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“We did not fight only for our Fañch, but for everyone” – Regional languages: the Molac law examined by the Assembly


“Diwall Jean-Michel! If I take out my tilde, watch out! “. Will little Fañch be used as a “weapon of mass destruction” against the Minister of Education and the government, if the bill on regional languages ​​is not passed this Thursday? This is in any case what is suggested, not without humor, in the last video of the Breton artist Simon Cojean where the young 4-year-old Rospordinois appears.

Un year and a half after the judgment of the Court of Cassation, which had validated the first name of the boy by rejecting the appeal of the Attorney General of Rennes, the one we call little Fañch, has happy days surrounded by his whole family in Kernével (Finistère).

“He speaks French and Breton and also sings in Breton. He is in Olympic form “, smiles the father, Jean-Christophe Bernard, not a little relieved that this judicial soap opera ended with a happy ending:” When we were told in the maternity room that his first name was not accepted. , we never suspected for a single moment that it would take so long. We found that absurd. Fortunately, we had a lot of support during these three years ”.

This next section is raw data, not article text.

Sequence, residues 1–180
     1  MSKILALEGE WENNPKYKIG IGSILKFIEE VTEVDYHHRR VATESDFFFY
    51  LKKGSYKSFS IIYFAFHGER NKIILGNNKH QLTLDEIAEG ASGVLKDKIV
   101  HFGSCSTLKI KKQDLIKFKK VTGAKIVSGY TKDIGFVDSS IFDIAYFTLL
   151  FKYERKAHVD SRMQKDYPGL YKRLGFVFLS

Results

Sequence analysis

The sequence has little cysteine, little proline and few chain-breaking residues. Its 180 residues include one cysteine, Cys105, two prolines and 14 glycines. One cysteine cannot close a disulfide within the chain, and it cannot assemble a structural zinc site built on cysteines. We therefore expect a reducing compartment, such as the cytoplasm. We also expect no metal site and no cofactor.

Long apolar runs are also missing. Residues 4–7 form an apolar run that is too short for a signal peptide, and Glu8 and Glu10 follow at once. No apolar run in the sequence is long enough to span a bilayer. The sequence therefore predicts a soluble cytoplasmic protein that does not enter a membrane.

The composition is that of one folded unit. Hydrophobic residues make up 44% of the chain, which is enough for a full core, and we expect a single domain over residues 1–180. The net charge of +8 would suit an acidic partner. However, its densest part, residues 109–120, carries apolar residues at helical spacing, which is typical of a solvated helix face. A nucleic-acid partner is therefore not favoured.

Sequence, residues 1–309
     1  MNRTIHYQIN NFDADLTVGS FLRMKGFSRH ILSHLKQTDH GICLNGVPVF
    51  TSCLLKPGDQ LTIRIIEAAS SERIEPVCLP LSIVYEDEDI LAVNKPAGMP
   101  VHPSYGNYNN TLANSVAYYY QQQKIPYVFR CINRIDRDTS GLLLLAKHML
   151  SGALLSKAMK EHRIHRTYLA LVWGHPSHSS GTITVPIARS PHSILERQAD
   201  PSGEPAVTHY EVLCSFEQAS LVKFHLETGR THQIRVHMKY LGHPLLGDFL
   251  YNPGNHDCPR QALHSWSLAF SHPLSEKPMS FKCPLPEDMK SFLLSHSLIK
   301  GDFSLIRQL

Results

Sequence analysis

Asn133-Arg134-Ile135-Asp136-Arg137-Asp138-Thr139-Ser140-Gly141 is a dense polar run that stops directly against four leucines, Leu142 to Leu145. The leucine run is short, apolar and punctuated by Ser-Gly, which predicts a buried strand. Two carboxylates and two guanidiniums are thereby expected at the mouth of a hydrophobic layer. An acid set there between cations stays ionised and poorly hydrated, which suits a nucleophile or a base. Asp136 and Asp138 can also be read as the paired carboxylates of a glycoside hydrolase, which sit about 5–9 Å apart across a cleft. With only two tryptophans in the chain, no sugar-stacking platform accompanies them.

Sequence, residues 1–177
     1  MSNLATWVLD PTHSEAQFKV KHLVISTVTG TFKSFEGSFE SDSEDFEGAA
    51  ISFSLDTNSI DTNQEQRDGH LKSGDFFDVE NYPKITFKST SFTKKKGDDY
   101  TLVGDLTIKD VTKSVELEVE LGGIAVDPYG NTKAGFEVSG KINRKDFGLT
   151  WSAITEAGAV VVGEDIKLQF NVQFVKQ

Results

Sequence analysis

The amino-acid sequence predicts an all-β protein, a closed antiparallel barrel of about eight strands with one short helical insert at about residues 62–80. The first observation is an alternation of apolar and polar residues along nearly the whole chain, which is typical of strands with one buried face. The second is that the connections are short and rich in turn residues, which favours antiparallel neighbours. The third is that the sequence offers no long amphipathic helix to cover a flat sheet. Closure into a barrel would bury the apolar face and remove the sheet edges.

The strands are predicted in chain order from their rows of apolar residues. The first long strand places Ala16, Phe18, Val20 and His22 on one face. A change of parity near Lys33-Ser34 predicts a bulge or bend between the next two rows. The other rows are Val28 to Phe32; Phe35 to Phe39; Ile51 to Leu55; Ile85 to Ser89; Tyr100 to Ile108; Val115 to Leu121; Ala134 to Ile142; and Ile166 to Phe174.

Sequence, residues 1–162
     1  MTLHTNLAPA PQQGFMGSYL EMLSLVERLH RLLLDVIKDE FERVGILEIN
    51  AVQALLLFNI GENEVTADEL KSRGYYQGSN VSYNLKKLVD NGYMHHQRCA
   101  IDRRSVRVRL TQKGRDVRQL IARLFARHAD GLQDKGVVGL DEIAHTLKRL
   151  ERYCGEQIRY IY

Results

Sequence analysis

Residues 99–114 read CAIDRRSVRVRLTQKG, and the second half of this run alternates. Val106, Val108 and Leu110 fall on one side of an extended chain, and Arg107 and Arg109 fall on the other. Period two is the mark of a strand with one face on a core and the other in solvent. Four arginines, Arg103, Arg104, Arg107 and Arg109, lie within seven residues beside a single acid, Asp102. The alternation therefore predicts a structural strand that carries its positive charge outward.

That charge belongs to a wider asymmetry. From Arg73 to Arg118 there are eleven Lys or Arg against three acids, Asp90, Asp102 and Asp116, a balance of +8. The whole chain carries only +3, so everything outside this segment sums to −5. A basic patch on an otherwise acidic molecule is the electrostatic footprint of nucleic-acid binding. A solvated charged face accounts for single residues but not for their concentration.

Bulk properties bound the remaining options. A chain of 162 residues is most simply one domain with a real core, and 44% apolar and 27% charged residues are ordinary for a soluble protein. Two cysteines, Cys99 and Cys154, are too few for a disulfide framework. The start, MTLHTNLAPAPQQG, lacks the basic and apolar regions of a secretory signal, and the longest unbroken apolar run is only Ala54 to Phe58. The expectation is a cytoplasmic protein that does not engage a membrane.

From now on, ” Fañch’s tilde appears well on all administrative papers typed on the computer. We’re not bothered anymore. Like what, it shouldn’t be that complicated to write your first name
finally… ”, he quips.

A fight for all regional languages

No question of claiming victory so far. Jean-Christophe Bernard reminds us: “If we won, it is a little thanks to a procedural flaw. The objective is for this law to change the situation in the long term, because we did not fight only for our Fañch, but for everyone. There are also the Catalans, Basques or Corsicans who want the diacritical signs to be recognized, ”argues the father of the family.

A fight reaffirmed on March 13, in Quimper, where 4,000 people gathered to defend regional languages. Of course, that day, little Fañch was one of the stars of the procession. “All the politicians came to talk to us, it went on forever. But afterwards, apart from Paul Molac, we never saw them again! “.

A political mobilization that the father would like to see revived this Thursday, during the parliamentary debate. “Without the confinement, I would have even made the trip to the Assembly to see that, just to show our faces! “, Assures Jean-Christophe Bernard who hopes to attend, in front of his small screen, to” a historic victory “.

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